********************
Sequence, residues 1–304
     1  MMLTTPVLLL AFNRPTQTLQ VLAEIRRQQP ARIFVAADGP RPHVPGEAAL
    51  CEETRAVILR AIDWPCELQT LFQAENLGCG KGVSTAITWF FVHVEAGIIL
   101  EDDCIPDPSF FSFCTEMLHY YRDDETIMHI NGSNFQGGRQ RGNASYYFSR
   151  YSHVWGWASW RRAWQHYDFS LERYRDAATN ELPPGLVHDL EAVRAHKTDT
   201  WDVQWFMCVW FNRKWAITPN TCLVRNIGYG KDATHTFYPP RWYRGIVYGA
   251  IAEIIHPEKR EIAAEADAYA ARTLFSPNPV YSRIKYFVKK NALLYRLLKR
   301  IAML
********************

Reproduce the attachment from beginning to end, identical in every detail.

Sequence, residues 1–304
     1  MMLTTPVLLL AFNRPTQTLQ VLAEIRRQQP ARIFVAADGP RPHVPGEAAL
    51  CEETRAVILR AIDWPCELQT LFQAENLGCG KGVSTAITWF FVHVEAGIIL
   101  EDDCIPDPSF FSFCTEMLHY YRDDETIMHI NGSNFQGGRQ RGNASYYFSR
   151  YSHVWGWASW RRAWQHYDFS LERYRDAATN ELPPGLVHDL EAVRAHKTDT
   201  WDVQWFMCVW FNRKWAITPN TCLVRNIGYG KDATHTFYPP RWYRGIVYGA
   251  IAEIIHPEKR EIAAEADAYA ARTLFSPNPV YSRIKYFVKK NALLYRLLKR
   301  IAML